■ ELEVATED TRANSIT which will avoid traffic snarls seems to be in the category science fiction. But then again, let’s not kid ourselves.

Geeks just love sci-fi literature and turning someone else’s fiction into their very real fact. Just think of all the sci-fi classics that were so futuristic in the 19th and 20th centuries, and in some cases are already passé. Elevated transit that looks something like a Sputnik will in the early stages cater only to the affluent, but it will eventually become affordable, operating like a taxi in the sky with no stops along the way. Even though it is being developed in America, in conjunction with NASA, its launch and initial trials will be held in Tel Aviv. SkyTran former chairman and CEO Jerry Sanders told Fox News last week that launch time is not too far into the future. Sanders, a former Navy SEAL, later founded two technology accelerators: San Francisco Science and The Triana Group. In addition, he earned a law degree plus post-graduate qualifications in German Socio-economics from The Goethe Institute in Bonn, and Comparative Constitutional Law from The National Autonomous University in Mexico City, Mexico.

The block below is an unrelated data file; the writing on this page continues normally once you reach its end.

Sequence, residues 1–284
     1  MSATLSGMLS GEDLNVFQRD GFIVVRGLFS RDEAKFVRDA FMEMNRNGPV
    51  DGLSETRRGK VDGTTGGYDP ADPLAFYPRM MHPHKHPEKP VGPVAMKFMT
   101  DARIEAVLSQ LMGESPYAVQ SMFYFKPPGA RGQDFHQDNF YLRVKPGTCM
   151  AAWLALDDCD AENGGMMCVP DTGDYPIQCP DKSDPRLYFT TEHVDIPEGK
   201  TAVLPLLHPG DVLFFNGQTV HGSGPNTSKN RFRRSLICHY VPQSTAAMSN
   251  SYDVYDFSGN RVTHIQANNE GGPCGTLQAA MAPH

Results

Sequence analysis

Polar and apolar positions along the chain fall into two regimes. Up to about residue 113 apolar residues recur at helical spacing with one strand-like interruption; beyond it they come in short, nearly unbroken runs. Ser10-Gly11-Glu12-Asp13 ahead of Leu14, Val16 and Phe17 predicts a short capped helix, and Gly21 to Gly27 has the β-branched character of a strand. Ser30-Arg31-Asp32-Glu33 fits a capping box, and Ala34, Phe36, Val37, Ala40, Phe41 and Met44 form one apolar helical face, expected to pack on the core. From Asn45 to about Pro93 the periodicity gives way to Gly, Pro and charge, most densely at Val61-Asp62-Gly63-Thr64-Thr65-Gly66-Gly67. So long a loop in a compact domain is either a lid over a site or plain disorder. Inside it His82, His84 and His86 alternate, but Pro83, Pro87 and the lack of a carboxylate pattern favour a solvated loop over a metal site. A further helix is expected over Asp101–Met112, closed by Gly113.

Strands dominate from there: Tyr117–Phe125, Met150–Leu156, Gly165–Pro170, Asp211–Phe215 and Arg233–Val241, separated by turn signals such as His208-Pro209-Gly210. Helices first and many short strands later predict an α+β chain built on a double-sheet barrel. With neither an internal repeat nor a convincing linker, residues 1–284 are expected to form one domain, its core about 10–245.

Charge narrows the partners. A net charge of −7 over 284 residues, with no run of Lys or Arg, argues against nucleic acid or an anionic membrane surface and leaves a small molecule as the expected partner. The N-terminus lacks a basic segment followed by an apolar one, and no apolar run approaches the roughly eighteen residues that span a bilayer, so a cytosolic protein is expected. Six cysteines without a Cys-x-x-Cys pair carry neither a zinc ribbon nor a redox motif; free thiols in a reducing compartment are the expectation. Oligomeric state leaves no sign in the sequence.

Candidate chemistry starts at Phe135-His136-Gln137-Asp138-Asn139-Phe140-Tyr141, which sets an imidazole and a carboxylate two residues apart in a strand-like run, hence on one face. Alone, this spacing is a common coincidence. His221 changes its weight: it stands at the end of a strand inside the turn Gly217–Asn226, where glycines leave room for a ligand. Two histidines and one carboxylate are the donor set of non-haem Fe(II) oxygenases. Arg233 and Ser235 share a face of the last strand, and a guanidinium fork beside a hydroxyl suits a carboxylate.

He is a fellow of the New York and California Bar Associations; an associate fellow and faculty member at Oxford University’s Saïd Graduate School of Business; and a professor of The Law of the Sea at the Ruppin Academy. He also has a few other strings to his bow, and is an example of the old adage that busy people always have time to take on something new.

■ RECENT BUSINESS problems notwithstanding, celebrity chef Yonatan Roshfeld remains in high demand, having been commissioned to provide the catering for the launch of Slowbrew, the new beer in the Goldstar range produced by Tempo. The launch at Angelo and Nina in Jaffa attracted numerous beer lovers who were eager to try the new brew. Tempo Chairman and CEO Jack Bar said that he was as excited as he would be at the birth of a baby. For Tempo, he said, Goldstar is like an icon, but there was a feeling that Goldstar fans were thirsty for something new – and now they have it.